I’m excited to share the news that I’m running for first vice chair of the Louisiana Democratic Party. I feel compelled to enter this race for party leadership because I want to make sure we center our conversation on organizing, field work, and grassroots networking. Check out my video for more.

Posted by Lynda Woolard on Monday, July 20, 2020

Longtime Democratic grassroots activist and strategist Lynda Woolard today announced she is running for first vice chair of the Louisiana Democratic Party, which will hold elections for a new leadership team on Aug. 29.

“We are at a moment of transition in our nation and in our state party, which will elect its new leaders on the 15th anniversary of Hurricane Katrina and the Federal Flood in New Orleans — which was the start of my political awakening, as it was for many Louisianans,” said Woolard. “For the past 15 years, I’ve been working with community leaders and Democrats day and night to bring change to our state, and together, we’ve helped to elect a Democratic governor — not once, but twice — seen three African-American women to lead our state’s biggest cities and ended a discriminatory relic of our criminal justice system. Those changes have had real impacts on people’s lives here in our state, and as first vice chair of the Louisiana Democratic Party, I intend to keep fighting to elect great public servants up and down the ticket, starting with Joe Biden this fall.”

After recognizing a need for federal help in New Orleans during the recovery from Hurricane Katrina and the flood, Lynda Woolard’s political life began with Barack Obama, in a campaign and advocacy relationship that lasted from his 2007 announcement through the re-election campaign for Obama-Biden in 2012. She worked as a field representative, a regional organizer and state communications and digital lead. She appeared on the presidential primary ballot with Barack Obama in 2012, winning a seat on the Orleans Parish Democratic Party Executive Committee, where she served as secretary.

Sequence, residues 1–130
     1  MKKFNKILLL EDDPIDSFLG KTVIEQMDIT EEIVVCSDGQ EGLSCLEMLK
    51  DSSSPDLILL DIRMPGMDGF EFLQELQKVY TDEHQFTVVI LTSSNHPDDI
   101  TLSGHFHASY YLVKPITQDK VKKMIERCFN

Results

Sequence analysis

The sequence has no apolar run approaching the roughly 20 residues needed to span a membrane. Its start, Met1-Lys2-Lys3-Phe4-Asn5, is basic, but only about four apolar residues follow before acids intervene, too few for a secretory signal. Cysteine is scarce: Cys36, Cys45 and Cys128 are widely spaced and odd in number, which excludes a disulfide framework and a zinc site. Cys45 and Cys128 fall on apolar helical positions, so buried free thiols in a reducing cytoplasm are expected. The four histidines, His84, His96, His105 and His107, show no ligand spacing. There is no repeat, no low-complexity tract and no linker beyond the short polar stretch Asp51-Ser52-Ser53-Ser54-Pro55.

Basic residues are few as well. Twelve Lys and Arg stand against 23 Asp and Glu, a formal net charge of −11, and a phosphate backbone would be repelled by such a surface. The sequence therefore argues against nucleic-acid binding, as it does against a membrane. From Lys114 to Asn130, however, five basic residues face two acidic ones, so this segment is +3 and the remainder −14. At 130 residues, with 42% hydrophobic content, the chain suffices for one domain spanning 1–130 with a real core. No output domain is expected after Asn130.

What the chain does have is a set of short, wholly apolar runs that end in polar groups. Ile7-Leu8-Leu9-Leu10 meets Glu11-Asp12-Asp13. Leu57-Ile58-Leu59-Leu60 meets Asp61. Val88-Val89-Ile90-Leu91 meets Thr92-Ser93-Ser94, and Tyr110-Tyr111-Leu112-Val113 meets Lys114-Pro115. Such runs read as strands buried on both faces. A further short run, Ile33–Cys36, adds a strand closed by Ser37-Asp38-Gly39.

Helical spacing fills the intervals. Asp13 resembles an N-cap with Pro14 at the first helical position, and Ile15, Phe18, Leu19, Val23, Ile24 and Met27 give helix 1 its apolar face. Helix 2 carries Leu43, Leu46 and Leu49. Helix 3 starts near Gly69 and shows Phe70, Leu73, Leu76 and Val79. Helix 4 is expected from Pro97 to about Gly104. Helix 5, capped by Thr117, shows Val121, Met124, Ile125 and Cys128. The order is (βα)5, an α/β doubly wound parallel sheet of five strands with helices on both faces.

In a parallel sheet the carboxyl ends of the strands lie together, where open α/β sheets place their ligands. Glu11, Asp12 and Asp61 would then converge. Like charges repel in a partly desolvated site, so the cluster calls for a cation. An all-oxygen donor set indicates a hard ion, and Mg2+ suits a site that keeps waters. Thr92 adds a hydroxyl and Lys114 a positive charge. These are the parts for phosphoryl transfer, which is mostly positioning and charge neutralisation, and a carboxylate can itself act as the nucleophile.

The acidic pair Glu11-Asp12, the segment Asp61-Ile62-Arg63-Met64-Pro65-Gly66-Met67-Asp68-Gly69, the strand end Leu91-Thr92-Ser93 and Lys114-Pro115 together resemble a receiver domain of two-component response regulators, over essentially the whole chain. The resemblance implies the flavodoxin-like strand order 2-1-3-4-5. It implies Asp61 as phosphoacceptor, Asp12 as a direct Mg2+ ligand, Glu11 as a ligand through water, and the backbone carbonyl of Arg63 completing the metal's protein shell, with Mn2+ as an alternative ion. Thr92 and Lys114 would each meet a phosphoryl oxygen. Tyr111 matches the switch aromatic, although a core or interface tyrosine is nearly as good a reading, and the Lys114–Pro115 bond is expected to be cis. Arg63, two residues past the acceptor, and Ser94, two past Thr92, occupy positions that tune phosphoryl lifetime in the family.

She was then recruited by the Louisiana Democratic Party to create and run their grassroots mobilization effort, Team Blue Dat, until Gov. John Bel Edwards’ election in 2015. Team Blue Dat made calls to volunteers, voters, and legislators; advocated for issues and candidates; and used social media to share messaging and encourage engagement. The network of activists reached Democrats in every part of the state who expressed that it was the very first time they had ever been contacted by the party.

In 2016, Hillary Clinton’s presidential campaign selected her to serve as state director. During the last week of Get Out The Vote, Lynda’s volunteers made more calls to voters in battleground states than any other “export state”  team in the campaign. She was also elected as an at-large delegate to the Democratic National Convention, for which the candidate asked her to serve as Whip Captain of the state’s Clinton delegation.

In 2017, she worked with local and national grassroots healthcare advocates to thwart Republican efforts to repeal the Patient Protection and Affordable Care Act that Congressional Democrats and President Obama’s organization had worked so hard to pass.

In 2018, Lynda led statewide organizing efforts for the Unanimous Jury Coalition to pass Constitutional Amendment 2, ending Louisiana’s discriminatory practice that allowed a defendant to be convicted of a felony with a non-unanimous jury. She also received the Organizer of the Decade award from the Louisiana Democratic Party.

Last year, she joined Victory For Louisiana, the coordinated campaign to reelect Governor Edwards, tasked with constituency outreach in the primary, and turning to increasing early voter turnout in the general election.

Just before Election Day, she was awarded with the New Orleans Coalition’s inaugural Felicia Kahn Citizenship Award, named after her mentor who had passed away the year before. Kahn had recruited Lynda to join the board of the state’s oldest and largest Democratic women’s group, the Independent Women’s Organization of New Orleans, where she has served for the last decade in various positions, including two terms as president.

This year, Lynda is serving as an at-large Biden delegate to the Democratic National Convention, and was once again requested by the candidate to fill the role of Louisiana’s Whip Captain to the nominee’s delegation.Add block